Economic patriotism

Conservatives spend a lot of time belly-aching about “patriotism.” (Actually, they’ve been pretty effective at it and have pretty much owned the word. More work for liberals to do…)

But what counts as patriotic is not that simple, especially in a globalized economic age.

The bailouts of the auto industry being managed by the Obama administration might end up being good for “General Motors,” the entity that just happens to be headquartered in Detroit, but as William Greider points out in the Nation, it’s important to remember that some American citizens are being thrown under the bus:

So this is how the auto bailout will work. American taxpayers pump tens of billions into rescuing General Motors from bankruptcy. Then GM pays us back by shipping more jobs overseas — the equivalent of four assembly plants.

The United Auto Workers sent a letter to Capitol Hill the other day that revealed the terms. GM’s restructuring plan envisions a doubling of the vehicles it will import from overseas factories, from 372,000 to 737,000, in the next four years. GM’s imported cars — already 15.5 percent of its domestic sales — will rise to 23.5 percent. “The overall number of vehicles GM will be importing in 2014 represents the production of four assembly plants, the same number that GM plans to close in the United States,” UAW legislative director Alan Reuther noted.

Now, personally, I’m for globalization and trade. I think the general benefits of trade are well-proven, and I think that, ultimately, humanity will benefit from becoming more interconnected, not less.

However, that does not mean we should sacrifice people in the short-run.

And since we still have nation states, it certainly begs the question of why our national trade policies would be run to the detriment of its citizens. William Greider:

Other nations like Germany, Japan, France and of course China impose national obligations on their producers and multinational corporations–demanding that companies retain their highest value-added production and best-paying jobs in the home country. The US gives its multinationals a free ride–even assisting them in dispersing production and capital to low-wage economies while keeping open the US market for their imports. Our own companies game this system endlessly–producing cheaply abroad, then selling the “US brands” back into the home market.

Economic entitites, like corporations, really have moved beyond the nation state, playing in a global economic system. Nations, meanwhile, have remained, well, national. And as long as we have national governments, they should serve their citizens – all of their citizens. That would be true economic patriotism.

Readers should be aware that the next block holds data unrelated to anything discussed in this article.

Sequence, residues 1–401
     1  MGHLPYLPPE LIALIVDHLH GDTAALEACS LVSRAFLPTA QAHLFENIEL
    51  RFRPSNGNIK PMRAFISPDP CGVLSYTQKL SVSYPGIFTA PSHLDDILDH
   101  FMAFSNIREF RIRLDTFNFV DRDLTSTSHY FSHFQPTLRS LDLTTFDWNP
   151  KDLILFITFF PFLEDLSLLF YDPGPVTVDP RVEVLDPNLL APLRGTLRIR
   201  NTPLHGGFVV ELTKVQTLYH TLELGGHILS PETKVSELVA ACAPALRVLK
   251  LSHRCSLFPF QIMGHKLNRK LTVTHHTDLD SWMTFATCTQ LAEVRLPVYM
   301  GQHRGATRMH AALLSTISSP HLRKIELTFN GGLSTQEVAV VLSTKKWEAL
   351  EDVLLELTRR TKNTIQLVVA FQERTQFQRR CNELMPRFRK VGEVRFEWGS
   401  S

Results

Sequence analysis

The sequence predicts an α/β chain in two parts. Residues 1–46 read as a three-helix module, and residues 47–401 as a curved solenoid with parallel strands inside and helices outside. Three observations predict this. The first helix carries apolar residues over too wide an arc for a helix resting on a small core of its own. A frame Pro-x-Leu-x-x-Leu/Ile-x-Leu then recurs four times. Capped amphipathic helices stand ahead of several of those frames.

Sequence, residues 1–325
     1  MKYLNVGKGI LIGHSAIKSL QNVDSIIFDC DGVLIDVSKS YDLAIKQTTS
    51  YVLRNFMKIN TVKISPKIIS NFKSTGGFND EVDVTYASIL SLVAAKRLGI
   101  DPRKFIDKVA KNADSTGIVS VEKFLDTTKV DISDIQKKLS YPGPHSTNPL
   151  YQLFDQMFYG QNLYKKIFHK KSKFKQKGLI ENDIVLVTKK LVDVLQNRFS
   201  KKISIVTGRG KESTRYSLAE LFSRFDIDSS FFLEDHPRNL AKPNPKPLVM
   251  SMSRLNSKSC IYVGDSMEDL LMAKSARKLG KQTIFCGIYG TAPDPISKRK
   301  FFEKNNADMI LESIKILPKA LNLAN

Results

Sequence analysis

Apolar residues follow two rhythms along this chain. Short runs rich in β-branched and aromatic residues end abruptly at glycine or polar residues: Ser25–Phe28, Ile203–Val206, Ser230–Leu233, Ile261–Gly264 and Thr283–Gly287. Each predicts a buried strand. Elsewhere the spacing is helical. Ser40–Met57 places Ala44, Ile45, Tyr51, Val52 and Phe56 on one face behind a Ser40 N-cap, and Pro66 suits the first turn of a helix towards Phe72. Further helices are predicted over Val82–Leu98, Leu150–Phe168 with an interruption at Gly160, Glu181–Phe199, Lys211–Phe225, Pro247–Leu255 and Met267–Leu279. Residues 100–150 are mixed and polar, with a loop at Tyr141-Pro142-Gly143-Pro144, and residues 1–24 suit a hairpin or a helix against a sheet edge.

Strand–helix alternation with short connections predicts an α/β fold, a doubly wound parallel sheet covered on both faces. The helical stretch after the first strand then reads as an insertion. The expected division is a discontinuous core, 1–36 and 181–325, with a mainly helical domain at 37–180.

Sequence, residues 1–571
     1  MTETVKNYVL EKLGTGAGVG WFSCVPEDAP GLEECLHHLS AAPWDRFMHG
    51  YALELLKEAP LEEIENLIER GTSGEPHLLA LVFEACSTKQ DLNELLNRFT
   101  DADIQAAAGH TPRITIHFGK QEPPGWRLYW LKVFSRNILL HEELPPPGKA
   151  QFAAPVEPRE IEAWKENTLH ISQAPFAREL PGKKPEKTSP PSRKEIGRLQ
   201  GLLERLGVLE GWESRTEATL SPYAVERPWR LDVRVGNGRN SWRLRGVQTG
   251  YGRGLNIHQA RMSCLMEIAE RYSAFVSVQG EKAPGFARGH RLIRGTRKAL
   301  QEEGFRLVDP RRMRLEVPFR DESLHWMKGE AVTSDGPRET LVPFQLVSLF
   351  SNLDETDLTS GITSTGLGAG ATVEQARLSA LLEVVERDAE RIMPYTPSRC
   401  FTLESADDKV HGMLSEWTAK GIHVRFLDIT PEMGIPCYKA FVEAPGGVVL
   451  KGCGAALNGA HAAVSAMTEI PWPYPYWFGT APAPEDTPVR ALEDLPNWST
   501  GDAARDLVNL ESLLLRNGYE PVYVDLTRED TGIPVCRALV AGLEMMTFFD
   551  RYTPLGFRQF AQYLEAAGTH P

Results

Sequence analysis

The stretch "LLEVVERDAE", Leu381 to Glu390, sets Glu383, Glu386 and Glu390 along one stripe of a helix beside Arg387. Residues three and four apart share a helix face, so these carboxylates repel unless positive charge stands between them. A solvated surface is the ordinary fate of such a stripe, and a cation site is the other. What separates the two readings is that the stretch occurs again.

Update: This isn’t just an American issue. And it’s not just for auto workers.

At the Wall Street Journal, Robert Frank runs a great blog called “The Wealth Report.” He tracks the lives of the truly wealthy – people that live in a different world he calls “Richistan.”

The other day he had a post about how some wealthy Brits are threatening to leave the country (take their toys and go home) because the U.K. government was considering raising the top tax rate from 40% to 50%:

“I won’t pay. I’ll leave,” British entrepreneur Peter Hargreaves told the Times. “Why wouldn’t I? If I stay I’ll pay half a million more a year in tax. If I leave the country I can save [three million pounds] a year. It’s almost like the government is offering me a bribe worth [three million pounds] a year to go and live abroad.”

The actor Michael Caine has voiced similar concerns.

Quite some British patriotism there.

I’ve seen this “flight of the rich” argument in different places before. If ever there was a time for public shaming, this would have to be it. How strong could your patriotism really be if you just run away from your country because of policies you don’t like? I’d like to see some conservatives stand up rake these kind of “patriotic” rich people over the coals, but of course, they won’t.

And this brings up another point related to my comment on corporations in the original post above. The truly wealthy have already gone “post-national,” just like corporations. The world is truly their oyster, while the rest of us are left “patriotism” and “nationalism” – both “isms” that must seem like sucker’s games to them.

Frank continues in his post with an interesting conclusion. The rich might complain about higher taxes, but really, they “have no where to go:”

Almost every developed country in the world is raising taxes on the wealthy. Germany is boosting its capital-gains taxes. Other European countries also are turning to tax the wealthy. The U.S., of course, is likely to raise taxes on the affluent. Many states, from California to New York, already have imposed a “millionaire’s tax” that hits nonmillionaires.

Sure, they wealthy could move to Monaco or the Caymans or any other tax haven. But the fact is, the wealthy like to be at the center things–of ideas, culture, finance and socializing. After three months of coconut drinks, even the Caymans would get tiring. Not to mention the bad PR that comes from living in a tax haven, as with Johnny Hallyday in France.

At the same time, the U.S. and other governments are making it harder for people to use offshore tax havens. If they earn money in the U.S., it is going to be harder to shield it from the authorities.

In other words, the wealthy may grumble but they may have few options other than paying up.

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